In Case You Missed It, Recap of the Los Angeles Latino International Film Festival

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Twitter: @infoCinelandia

After taking a hiatus last year the Los Angeles Latino International Film Festival came back with a vengeance in 2013. Five days of movies, panels, premieres, filmmaker Q&As, and parties took over parts of Hollywood last week. The festival, co-founded by Marlene Dermer and Edward James Olmos, showcased 62 U.S. Latino and Latin American films: 28 features, 11 documentaries, and 23 shorts.

In case you missed it, here’s a roundup of LALIFF’s 16th edition…

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Opening Night

Christine Davila, of the Chicana from Chicago film blog, breaks down the happenings of opening night: a screening of the documentary Pablo, a Lifetime Achievement award for Pablo Ferro (the subject of the documentary), and the after-party at the Wax Museum:

Edward James Olmos presented the Gabi Lifetime Achievement award to Pablo Ferro, a bohemian whose signature skinny long letters and influential film title sequences include such films like Dr. Strangelove, Bullet, Russians Are Coming, BeetleJuice, Men In Black, among countless others.

Wearing his trademark red scarf, Pablo accepted his award without so many words but no matter, as the audience generously paid enthusiastic homage to one or our own being rightly commemorated.

The documentary, Pablo, is an animated, whimsical treatment of the life and times of this consummate artist and original hipster. Folks like Angelica Huston, Andy Garcia, and Leonard Maltin praise his genius; narration by The Dude, Jeff Bridges, gives it an added air of deadpan wit and strikes the tone of the bohemian Cuban-born artist.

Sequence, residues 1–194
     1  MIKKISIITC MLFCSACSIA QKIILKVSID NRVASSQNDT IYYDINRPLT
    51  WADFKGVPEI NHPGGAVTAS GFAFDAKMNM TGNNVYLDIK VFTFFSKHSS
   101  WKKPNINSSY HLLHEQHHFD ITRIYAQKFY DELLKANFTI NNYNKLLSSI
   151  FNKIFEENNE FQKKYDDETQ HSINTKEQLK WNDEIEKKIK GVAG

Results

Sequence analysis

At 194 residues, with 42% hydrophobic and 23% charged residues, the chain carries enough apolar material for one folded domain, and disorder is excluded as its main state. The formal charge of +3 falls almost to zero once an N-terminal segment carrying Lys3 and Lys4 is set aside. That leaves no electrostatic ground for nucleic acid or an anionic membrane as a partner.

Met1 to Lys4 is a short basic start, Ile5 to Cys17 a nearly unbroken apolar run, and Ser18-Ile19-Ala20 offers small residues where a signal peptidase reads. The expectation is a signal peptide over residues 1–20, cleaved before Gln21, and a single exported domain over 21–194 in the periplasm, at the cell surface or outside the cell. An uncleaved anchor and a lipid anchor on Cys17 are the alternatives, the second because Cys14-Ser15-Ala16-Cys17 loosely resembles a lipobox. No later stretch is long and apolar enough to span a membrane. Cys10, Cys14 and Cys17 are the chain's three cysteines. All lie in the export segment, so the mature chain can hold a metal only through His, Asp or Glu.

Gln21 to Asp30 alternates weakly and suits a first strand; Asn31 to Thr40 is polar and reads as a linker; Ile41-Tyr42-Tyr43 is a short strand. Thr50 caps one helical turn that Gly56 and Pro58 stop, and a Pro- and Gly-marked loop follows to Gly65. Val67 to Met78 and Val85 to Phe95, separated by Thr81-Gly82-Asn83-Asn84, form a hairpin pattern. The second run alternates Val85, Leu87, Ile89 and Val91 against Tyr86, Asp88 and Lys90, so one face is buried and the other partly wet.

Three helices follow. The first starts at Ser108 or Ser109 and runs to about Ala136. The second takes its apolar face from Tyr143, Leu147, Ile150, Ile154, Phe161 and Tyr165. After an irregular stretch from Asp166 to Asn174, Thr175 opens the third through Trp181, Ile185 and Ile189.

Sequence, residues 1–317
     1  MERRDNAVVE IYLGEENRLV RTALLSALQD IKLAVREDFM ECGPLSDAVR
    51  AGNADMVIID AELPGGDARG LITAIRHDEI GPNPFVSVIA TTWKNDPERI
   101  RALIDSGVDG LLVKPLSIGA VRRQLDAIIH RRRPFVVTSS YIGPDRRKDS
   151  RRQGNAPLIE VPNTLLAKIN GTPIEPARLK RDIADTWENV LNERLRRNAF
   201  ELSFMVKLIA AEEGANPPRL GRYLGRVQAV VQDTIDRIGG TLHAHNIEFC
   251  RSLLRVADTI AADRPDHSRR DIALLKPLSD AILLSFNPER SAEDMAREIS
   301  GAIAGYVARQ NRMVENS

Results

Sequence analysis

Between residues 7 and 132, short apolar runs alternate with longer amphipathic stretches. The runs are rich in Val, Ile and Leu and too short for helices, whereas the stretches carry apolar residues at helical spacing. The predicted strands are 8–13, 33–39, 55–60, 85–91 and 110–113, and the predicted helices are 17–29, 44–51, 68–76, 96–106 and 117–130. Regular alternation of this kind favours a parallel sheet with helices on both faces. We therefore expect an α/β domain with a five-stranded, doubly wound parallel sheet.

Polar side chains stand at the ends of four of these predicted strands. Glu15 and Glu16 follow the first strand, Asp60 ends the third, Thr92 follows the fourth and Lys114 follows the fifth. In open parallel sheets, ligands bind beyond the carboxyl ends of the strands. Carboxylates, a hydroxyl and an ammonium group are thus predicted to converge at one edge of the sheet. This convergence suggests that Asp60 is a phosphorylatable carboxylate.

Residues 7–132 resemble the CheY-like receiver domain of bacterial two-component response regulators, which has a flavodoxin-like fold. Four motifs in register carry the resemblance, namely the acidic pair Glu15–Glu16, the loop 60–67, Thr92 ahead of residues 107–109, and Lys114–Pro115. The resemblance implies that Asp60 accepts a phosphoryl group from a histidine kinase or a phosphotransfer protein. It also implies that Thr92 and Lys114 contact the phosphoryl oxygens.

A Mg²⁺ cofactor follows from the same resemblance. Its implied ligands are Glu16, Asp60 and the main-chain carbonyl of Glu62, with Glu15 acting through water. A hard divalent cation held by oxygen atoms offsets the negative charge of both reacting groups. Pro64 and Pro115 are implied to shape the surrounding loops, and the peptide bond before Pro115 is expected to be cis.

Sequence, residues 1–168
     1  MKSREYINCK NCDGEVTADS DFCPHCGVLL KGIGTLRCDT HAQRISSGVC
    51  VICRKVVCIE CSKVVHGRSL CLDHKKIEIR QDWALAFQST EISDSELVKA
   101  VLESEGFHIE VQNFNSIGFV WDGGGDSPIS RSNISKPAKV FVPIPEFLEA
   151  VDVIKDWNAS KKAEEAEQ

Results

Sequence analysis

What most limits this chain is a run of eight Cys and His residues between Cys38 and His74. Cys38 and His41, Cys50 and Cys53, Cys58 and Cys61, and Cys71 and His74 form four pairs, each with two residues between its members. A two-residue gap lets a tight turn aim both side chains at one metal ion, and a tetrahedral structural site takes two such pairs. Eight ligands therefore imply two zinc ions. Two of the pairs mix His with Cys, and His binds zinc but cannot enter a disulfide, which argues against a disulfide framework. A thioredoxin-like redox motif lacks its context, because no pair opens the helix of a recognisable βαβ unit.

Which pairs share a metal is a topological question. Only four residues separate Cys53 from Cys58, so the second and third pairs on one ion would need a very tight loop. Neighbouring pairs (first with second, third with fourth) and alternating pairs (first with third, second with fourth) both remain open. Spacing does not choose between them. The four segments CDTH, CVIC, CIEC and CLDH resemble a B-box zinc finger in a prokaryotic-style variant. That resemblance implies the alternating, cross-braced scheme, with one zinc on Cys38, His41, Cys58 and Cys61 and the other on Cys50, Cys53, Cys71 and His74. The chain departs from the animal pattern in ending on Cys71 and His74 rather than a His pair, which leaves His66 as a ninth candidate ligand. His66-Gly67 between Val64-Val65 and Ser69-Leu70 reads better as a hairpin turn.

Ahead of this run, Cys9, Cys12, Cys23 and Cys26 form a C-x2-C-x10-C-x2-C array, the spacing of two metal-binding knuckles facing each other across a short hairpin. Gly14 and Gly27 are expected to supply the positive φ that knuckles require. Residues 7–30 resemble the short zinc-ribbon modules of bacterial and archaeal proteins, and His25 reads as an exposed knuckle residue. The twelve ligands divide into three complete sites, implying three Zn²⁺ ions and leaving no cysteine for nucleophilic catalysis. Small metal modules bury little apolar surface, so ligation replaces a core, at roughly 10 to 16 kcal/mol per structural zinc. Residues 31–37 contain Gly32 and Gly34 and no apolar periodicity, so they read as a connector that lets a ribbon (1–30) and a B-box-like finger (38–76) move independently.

At the party across the street at the Wax Museum where the uncanny real life sized figures freak you out every time you feel you should turn around to introduce yourself (guests remarked where are my brown wax at!) I got a chance to see many of the US Latino filmmakers with films in the festival. From Jesse Salmeron and Jeremy Ray Valdez of Dreamer to Richard Montoya of Water & Power.

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Jesse Garcia, an actor who starred in the award-winning indie Quinceañera as a gay cholo and whose had numerous roles on TV shows like Law and Order, CSI Miami, and The Shield attended this year’s LALIFF as a filmmaker not just an actor. He wrote, starred, directed, and produced the short film The Price We Pay about a young soldier who comes home from war to find his previous life turned upside down. He shared his experiences at the festival and the audience’s reaction to his short:

It was an honor to screen The Price We Pay at LALIFF this year. I’ve been a part of the festival many times as an actor in films and once as a producer, but this was my first time as a writer/director.

My film was well received by the audience. I got great reactions where I was hoping to get them. Having shot it predominantly in a single take with no dialogue worked quite well. It was great to see it on the big screen with an audience. I had a few people come to me afterward, telling me that they were veterans or had family members that were, and how PTSD affected them and their families. While I hope the film is entertaining, I hope it can also be a catalyst for conversation about vets returning home injured, with PTSD and/or veteran suicide. These issues need to be talked about. There is help available.

The parties were great, of course. It’s always like a reunion of Latino talent and friends at this festival. I always walk away feeling inspired. I saw some great films and docs throughout the festival. The closing night film, Nosotros Los Nobles was fantastic. Great story and super funny.